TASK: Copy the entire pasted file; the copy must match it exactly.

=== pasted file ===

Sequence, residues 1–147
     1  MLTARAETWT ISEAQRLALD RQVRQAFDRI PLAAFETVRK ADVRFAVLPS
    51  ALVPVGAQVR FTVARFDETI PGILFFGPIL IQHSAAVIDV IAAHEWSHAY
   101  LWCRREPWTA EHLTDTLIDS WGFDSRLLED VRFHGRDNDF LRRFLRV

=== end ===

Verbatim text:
Sequence, residues 1–147
     1  MLTARAETWT ISEAQRLALD RQVRQAFDRI PLAAFETVRK ADVRFAVLPS
    51  ALVPVGAQVR FTVARFDETI PGILFFGPIL IQHSAAVIDV IAAHEWSHAY
   101  LWCRREPWTA EHLTDTLIDS WGFDSRLLED VRFHGRDNDF LRRFLRV